H Is for Hawk: A New Chapter
Producer & Director
Mike Birkhead is a natural history filmmaker with his own production company, Mike Birkhead Associates, based in the County of Berkshire, west of London. He went independent in the late 1980s and has made many award-winning films and series, including those for Nature such as: Eagles of Mull, Echo: An Elephant to Remember, Siberian Tiger Quest, and Big Birds Can’t Fly. His film The Egg (w.t.) is scheduled to air in Nature’s 2018-19 season.
A self-described “failed professional footballer,” Birkhead credits his academic brother’s discipline and passion for natural history with the discovery of his own love for the natural world. After gaining a doctorate and spending two years at post-doctoral work in the department of zoology at the University of Oxford, he joined London Weekend Television (LWT) in 1984. Looking back at that time, Birkhead calls his career move “pure good fortune as LWT encouraged entrepreneurship and independence.” He worked in the current affairs and features department for five years on a variety of programs, including live entertainment programs, commercials for the community unit, and game shows.
He then left to set up his own company while at the same time making wildlife films for the highly regarded Partridge Films, which was led by the “brilliant and esoteric” Michael Rosenberg. Thirty years later, Birkhead says he does not regret failing to play for Leeds United and realizes how much serendipity is involved in a career in independent filmmaking.
Author & Presenter
Poet, illustrator, historian, and naturalist, Helen Macdonald is the author of three books, including the 2014 memoir H Is for Hawk – a collage of autobiography, natural history, literary biography, and philosophical reflection. The book was an international best-seller, a finalist for the National Book Critics Circle Award and won two of Britain’s most prestigious awards for nonfiction: the Samuel Johnson Prize and the Costa Book Award. Macdonald describes the year spent training a notoriously difficult-to-tame species of raptor, a Northern Goshawk, as she mourned the unexpected death of her photographer father. H Is for Hawk has been translated into 24 languages and published in 27 territories. Her earlier books were a collection of poems, Shaler’s Fish, and a cultural history, Falcon.
An affiliated research scholar in Cambridge University’s history and philosophy of science department, Macdonald writes and narrates radio programs and appeared in the 2010 BBC documentary series Birds Britannia. She wrote the script for filmmaker Sarah Wood’s MURMURATION X 10, which premiered at the Brighton Festival in 2015. Macdonald has also worked as a professional falconer and assisted with the management of raptor research and conservation projects across Eurasia.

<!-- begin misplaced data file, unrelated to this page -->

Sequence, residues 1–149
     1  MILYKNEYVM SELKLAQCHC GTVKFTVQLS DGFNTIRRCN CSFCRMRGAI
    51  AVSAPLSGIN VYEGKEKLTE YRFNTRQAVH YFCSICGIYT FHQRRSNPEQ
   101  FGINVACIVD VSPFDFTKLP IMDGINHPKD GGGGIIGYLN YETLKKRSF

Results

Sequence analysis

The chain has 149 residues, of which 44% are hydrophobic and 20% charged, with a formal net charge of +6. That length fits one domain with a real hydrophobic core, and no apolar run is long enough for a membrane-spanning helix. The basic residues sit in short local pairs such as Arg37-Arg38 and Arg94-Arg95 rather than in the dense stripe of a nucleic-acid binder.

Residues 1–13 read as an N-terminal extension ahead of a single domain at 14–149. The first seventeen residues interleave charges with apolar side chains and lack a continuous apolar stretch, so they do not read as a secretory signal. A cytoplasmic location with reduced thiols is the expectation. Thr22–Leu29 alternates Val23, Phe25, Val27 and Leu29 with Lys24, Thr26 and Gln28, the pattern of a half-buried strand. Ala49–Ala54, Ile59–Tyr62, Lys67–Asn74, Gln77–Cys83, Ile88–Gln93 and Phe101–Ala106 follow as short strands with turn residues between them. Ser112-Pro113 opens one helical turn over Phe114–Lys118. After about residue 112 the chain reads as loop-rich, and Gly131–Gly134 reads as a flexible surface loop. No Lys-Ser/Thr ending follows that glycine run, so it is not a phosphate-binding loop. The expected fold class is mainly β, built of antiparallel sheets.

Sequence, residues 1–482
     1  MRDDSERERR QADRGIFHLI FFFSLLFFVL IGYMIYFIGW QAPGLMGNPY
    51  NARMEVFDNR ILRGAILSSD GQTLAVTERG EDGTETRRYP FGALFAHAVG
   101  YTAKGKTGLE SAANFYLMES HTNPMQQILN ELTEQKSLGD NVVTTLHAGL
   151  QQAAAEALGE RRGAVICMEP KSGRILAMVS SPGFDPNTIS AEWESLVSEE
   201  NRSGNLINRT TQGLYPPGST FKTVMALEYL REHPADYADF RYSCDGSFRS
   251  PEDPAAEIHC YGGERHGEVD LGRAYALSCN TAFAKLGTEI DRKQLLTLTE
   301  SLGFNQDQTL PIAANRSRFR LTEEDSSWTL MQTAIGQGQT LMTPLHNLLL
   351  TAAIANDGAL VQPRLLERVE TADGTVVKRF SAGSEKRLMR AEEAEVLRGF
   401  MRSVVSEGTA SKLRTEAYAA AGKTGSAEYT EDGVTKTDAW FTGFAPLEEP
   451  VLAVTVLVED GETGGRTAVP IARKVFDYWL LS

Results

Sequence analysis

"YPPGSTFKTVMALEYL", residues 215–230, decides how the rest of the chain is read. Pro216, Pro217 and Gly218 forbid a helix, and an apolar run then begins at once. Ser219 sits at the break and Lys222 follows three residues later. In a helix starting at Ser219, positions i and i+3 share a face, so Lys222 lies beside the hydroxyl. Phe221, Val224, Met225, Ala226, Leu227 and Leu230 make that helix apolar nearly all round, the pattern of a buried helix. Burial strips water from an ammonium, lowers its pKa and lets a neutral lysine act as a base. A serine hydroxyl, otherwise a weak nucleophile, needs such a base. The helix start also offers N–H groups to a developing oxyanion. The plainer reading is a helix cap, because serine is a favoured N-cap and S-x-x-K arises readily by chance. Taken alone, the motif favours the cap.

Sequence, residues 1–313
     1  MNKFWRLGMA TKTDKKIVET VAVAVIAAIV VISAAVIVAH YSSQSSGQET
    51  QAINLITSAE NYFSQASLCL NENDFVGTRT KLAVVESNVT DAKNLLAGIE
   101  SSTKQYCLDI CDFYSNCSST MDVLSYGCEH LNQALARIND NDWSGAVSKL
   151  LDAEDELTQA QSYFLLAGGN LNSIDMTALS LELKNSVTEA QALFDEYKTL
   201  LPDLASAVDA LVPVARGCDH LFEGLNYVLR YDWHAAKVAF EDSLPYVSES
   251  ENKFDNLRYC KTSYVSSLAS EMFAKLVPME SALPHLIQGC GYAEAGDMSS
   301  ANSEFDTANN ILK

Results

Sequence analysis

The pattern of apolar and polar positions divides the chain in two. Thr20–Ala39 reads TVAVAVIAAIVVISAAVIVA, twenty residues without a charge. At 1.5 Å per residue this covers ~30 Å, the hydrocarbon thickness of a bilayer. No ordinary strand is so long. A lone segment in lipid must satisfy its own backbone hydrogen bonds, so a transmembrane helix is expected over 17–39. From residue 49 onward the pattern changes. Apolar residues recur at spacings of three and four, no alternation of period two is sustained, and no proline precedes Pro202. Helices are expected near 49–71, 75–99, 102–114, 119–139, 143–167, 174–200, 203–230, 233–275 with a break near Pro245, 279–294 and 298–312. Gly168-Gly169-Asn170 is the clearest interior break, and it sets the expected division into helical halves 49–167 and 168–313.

Executive Producer, Nature
For more than 25 years, Fred Kaufman has been a leading executive in the natural history genre. As the executive producer of the acclaimed PBS Nature series, Kaufman has won seven Emmys and two Peabody Awards. He has been with Nature since its beginning in 1982 and has overseen it since 1991. During his tenure, Nature has been honored with hundreds of industry awards. In 2012, Kaufman was named the recipient of the International Wildlife Film Festival’s Lifetime Achievement Award for Media. In 2010, he accepted the Outstanding Achievement Award from the prestigious Wildscreen Film Festival in Bristol, England. It was the first time in the 20-year history of the festival that the award was presented to an American wildlife series. In 2009, Kaufman executive produced The Legend of Pale Male, an award-winning feature documentary that chronicled the legendary hawk that nested on a Fifth Avenue building in New York City and the life-changing events that followed.
Many of Nature’s most memorable presentations have been produced under Kaufman’s stewardship, including Bears of the Last Frontier; Christmas in Yellowstone; Deep Jungle; AFRICA; Hummingbirds: Magic in the Air; Dogs That Changed the World; My Life as a Turkey; Inside the Animal Mind; Echo: An Elephant to Remember; An Original DUCKumentary; and Cloud: Wild Stallion of the Rockies.
In 2006, Kaufman won a George Foster Peabody Award for The Queen of Trees, a high-definition portrait of the relationship between the tiny fig wasp and the giant fig tree. In 2008, Kaufman won a second Peabody Award for Silence of the Bees, which looked at the global crisis of the disappearing honeybees.
In 2007, he wrote and co-produced The Best of Nature: 25 Years, a successful fundraising show for PBS that looked back at the highlights of the series’ first 25 years. In 2002, he created and executive produced an urban wildlife series for kids called Wild TV. Then in 1994, he executive produced In the Wild, a series of wildlife specials featuring celebrities. Memorable shows from that series included Dolphins With Robin Williams, In the Lion’s Den With Anthony Hopkins, Elephants With Goldie Hawn and Orangutans With Julia Roberts, which won a Genesis Award for best PBS documentary.
Kaufman is a member of the Director’s Guild of America and the Writer’s Guild of America. He is the vice chairman of the Jackson Hole Wildlife Film Festival. He appears regularly on public television pledge drives as a spokesman for quality natural history television.